With these developments in mind, the market was looking ahead to Friday’s monthly update on production, yields and stocks from the U.S. Department of Agriculture. In the World Supply and Demand Estimates (WASDE) – released after writing this – grain traders were looking for data to support the recent strong rally and elevated longs across the sector.

Source: Saxo Group

Crude oil remains under pressure from weaker fundamentals as the recovery in global energy demand continues to show signs of stalling. Many countries around the world, especially in Europe and Asia, are now in the midst of a second wave of coronavirus. As a result, the recovery in fuel demand has stalled with work-from-home and the lack of leisure and business travel – both signs that it will take longer than anticipated to get back to a pre-virus levels of energy demand.

During the period of sideways trading since June, data from the physical market had begun sending signals that the price and current fundamentals were moving out of sync. Among others, we have seen a rising contango with spot prices trading at a deepening discount to the next month(s) as storage tanks fill up in response to weak refinery margins, primarily due to an overhang of unwanted diesel and jet fuel. These developments have led to rising demand for tankers toward floating storage trades, while Saudi Arabia has reduced its official selling price for October as demand from key customers such as China begin to weaken.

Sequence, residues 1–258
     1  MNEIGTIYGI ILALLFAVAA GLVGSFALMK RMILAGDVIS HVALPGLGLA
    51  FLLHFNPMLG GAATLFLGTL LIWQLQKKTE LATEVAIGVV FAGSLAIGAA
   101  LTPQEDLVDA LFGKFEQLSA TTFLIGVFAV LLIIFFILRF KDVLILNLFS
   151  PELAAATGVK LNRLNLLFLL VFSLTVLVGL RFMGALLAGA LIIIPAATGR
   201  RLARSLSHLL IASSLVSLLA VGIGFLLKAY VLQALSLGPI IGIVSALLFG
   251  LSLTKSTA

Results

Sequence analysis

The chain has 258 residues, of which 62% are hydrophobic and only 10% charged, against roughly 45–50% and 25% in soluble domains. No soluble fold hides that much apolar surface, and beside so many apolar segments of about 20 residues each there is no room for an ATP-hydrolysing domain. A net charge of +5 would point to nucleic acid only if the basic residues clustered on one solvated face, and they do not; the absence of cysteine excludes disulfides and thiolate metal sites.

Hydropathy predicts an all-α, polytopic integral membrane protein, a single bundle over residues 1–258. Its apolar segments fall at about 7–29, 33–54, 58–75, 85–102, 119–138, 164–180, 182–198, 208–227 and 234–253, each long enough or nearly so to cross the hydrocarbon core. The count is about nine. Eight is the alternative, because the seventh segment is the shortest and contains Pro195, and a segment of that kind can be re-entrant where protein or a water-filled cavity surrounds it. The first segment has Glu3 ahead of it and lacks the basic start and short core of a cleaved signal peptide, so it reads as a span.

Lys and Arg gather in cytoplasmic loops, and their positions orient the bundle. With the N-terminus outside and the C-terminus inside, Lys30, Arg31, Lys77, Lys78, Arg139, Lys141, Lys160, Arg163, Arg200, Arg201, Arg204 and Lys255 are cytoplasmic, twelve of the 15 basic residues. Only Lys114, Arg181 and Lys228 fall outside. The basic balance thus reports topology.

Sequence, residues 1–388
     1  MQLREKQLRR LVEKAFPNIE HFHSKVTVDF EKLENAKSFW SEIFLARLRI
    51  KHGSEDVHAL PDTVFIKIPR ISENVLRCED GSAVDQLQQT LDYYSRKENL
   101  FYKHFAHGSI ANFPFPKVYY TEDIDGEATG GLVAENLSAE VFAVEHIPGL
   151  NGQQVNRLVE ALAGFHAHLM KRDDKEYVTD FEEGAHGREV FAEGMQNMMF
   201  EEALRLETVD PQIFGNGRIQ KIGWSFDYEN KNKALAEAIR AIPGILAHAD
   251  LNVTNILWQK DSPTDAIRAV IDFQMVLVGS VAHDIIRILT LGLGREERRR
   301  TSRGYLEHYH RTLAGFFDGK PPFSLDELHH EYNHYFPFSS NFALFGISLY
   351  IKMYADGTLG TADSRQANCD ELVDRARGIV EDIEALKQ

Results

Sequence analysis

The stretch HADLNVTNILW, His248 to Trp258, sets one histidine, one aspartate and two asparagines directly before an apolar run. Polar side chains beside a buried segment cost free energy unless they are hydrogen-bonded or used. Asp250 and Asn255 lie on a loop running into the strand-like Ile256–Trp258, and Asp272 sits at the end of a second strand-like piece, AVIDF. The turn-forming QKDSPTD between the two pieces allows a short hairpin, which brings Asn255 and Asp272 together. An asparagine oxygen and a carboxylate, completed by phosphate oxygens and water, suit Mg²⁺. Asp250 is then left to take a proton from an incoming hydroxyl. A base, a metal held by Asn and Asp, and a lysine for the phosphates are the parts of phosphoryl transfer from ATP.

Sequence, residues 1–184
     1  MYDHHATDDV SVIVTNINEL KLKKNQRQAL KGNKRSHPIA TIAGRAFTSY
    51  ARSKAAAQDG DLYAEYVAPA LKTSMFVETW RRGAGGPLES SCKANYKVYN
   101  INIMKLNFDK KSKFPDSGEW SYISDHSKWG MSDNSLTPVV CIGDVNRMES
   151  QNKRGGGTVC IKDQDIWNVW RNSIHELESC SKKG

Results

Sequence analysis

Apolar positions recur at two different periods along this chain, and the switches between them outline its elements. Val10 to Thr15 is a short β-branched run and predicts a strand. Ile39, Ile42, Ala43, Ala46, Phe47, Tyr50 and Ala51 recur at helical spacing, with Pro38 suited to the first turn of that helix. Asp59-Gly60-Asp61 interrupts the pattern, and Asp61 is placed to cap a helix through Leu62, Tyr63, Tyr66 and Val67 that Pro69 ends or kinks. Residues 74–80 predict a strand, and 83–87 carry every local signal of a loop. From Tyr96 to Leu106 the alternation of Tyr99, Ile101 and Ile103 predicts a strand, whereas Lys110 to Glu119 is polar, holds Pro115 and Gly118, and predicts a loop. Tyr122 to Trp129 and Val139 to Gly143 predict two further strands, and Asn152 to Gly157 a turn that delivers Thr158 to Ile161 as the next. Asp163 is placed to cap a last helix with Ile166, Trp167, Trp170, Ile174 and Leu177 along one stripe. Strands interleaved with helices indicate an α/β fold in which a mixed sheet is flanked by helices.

What it took for the correction to occur was a deterioration in the overall risk appetite as seen through the correction in U.S. (tech) stocks and the dollar being bought. In Brent crude oil, the break of the uptrend from June was the technical trigger, which finally kicked off a move to bring price and fundamentals more in line.

We do not believe that we will see a new dramatic sell-off in crude oil, but have to accept that the coronavirus and doubts about the timing of a vaccine may continue to delay until next year the recovery back towards $50/b on Brent crude oil. The slowing recovery in demand will challenge the resolve of the OPEC+ group which in hindsight increased production before demand had recovered enough to absorb the additional barrels.

Fundamental oil market guidance will be provided by OPEC and the International Energy Agency when they publish their monthly oil market reports on September 14 and 15 respectively.

Brent has found support at its 100-day moving average at $39.50/b but with speculators only just having started to reduce bullish bets, the correction may take it down to towards $36.50/b before support can be established. The general level of risk appetite through stocks and the movement of the dollar will continue be a key source of inspiration for traders.

For a look at all of today’s economic events, check out our economic calendar.

Ole Hansen, Head of Commodity Strategy at Saxo Bank.

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This article is provided by Saxo Capital Markets (Australia) Pty. Ltd, part of Saxo Bank Group through RSS feeds on FX Empire